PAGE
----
The little prince had this nightly routine where we would change his diaper, pick out and put on his jammers, select books, read said books, and then he would climb into his bed where he would say, "talk about my day." That was signal for me to remain in a literal rocking chair where he recounted all the endeavors of his day from start to finish. It was toddler therapy time. It was confession. It was a verbal diary for him. In the moment it was hilarious for me, but in retrospect what he was doing was truly significant. He wanted me to listen actively and respond accordingly. He wanted it to just be me and him. He wanted my full attention. He wanted to speak about his day, say what he needed to say, process out-loud all that he experiences, and make sense of what went well and what he could have done differently. Think about that. How often do we give our full attention to someone else? How often do we do the reflection that we really need to be doing? How often do we share our pitfalls as much as our successes? It's going to be my new thing just to talk about my day, whether it be with another person, a friend from distance, or just to myself. I want to speak out what happened to me to me, and what I did/said. I think it's a taking a responsibility and self-accountability that we often overlook. There's wonderment in hearing yourself, feeling the words leave your lips, the air fill in your lungs, and the feeling wash over you. *Apologies for the inaccessibility of that ableist description.* It's a reckoning of yourself as a someone who is alive and living life. Do you get that?
They call the twos terrible for a reason but in reality, the twos aren't so bad when you're willing to give grace in experiencing them. There were times where I could see him get frustrated, antsy, or too silly and we'd have to take a timeout. This funny thing happened where he would sit for a little bit or lay down, and then would pop up totally refreshed, energized, and put together. He would like out this exasperated sigh like he was letting go of all the bad energy, anger, or anxiousness, and would say "I feel better now." I'm telling you this kid was just practicing self-care as if it was nothing. Think about that. How different would our days be, particularly in interacting with challenging folx if we took some time out for ourselves to get our minds right (or they did the same) before coming together? What if we removed ourselves from situations that we weren't being our best in and only came back when we had chosen a better attitude? How different would life be if we could let go some of the heaviness we pick up during the day instead of transferring it to others? Coming back only when we're ready, willing, and able to engage could make a world of difference for improving the ways people experience one another.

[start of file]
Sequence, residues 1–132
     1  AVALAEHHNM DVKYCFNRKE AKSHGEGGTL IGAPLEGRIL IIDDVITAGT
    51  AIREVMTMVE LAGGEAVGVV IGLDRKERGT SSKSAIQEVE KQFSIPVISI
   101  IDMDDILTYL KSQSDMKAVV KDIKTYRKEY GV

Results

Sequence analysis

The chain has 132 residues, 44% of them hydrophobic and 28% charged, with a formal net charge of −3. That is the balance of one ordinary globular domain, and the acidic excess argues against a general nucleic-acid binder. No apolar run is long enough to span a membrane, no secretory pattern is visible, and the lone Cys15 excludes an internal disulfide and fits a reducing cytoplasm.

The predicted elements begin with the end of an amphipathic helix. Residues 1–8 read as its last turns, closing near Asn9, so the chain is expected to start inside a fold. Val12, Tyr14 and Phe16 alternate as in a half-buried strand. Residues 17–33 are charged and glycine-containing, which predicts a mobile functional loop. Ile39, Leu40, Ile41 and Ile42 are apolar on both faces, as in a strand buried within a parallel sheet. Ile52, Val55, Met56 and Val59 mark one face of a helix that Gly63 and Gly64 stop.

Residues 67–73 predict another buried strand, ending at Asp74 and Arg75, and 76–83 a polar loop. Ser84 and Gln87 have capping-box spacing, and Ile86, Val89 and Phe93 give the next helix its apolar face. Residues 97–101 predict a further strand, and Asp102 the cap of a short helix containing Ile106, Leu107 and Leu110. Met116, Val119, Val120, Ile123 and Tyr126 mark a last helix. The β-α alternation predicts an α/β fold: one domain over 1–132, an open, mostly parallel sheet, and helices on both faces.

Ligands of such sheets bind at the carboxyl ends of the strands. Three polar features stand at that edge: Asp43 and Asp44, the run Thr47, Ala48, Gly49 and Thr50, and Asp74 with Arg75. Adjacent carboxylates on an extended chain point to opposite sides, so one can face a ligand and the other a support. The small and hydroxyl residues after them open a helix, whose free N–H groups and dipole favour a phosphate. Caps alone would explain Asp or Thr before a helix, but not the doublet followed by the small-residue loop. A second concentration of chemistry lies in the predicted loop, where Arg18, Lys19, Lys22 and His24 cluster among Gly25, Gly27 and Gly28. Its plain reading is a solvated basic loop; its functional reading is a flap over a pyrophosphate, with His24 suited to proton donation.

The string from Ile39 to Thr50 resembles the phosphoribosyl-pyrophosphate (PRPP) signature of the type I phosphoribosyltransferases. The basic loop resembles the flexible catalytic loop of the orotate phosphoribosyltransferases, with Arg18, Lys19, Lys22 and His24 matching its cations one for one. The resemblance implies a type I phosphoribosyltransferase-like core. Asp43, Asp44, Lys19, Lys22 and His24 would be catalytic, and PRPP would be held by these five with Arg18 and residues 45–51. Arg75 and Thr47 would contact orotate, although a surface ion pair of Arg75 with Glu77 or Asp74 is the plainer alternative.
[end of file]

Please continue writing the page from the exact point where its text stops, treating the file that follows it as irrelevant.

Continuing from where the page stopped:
Kiddos find wonder in the little things. Maybe it's because everything is new for them, or because they have an appreciation for lives that not been heavily socialized, sterilized, and minimized. The way he would just run his small hands through the kinetic sand. He was mesmerized for an hour and a half one with it. There would be times I would be reading to him and he would turn to just look at my face. I mean examine it, with this profound sense of admiration and care. He would smile or laugh, and go back to listening. I think he wanted to make sure I was real, and that I was really there. Do you ever those moments, where life can feel phantasmagorical that you need to ground yourself for a second? Those are some of the most impactful moments. It's that split second where you step out of yourself just to observe all the things and people around you. It takes a keen sense of awareness. The times he would say thank you, would ask for help, or wanted you to be with him were unforgettable because you knew he meant it all. This wonderment that so many people lose as they go into the world has the ability to revolutionize days. It's an appreciation for all things and people, for what/who they are. It's an authentic positivity that's not rooted in superficiality but rather a humble perspective on the world. What if we found wonderment in the mundane? What if we made the profane sacred? What if we made the most of where we are and who we're with? Wonderment is all around us if only we take the time to embrace it. Look up, look out, look around, and take it all in. This is a world full of wonder even if its not always a wonderful world. X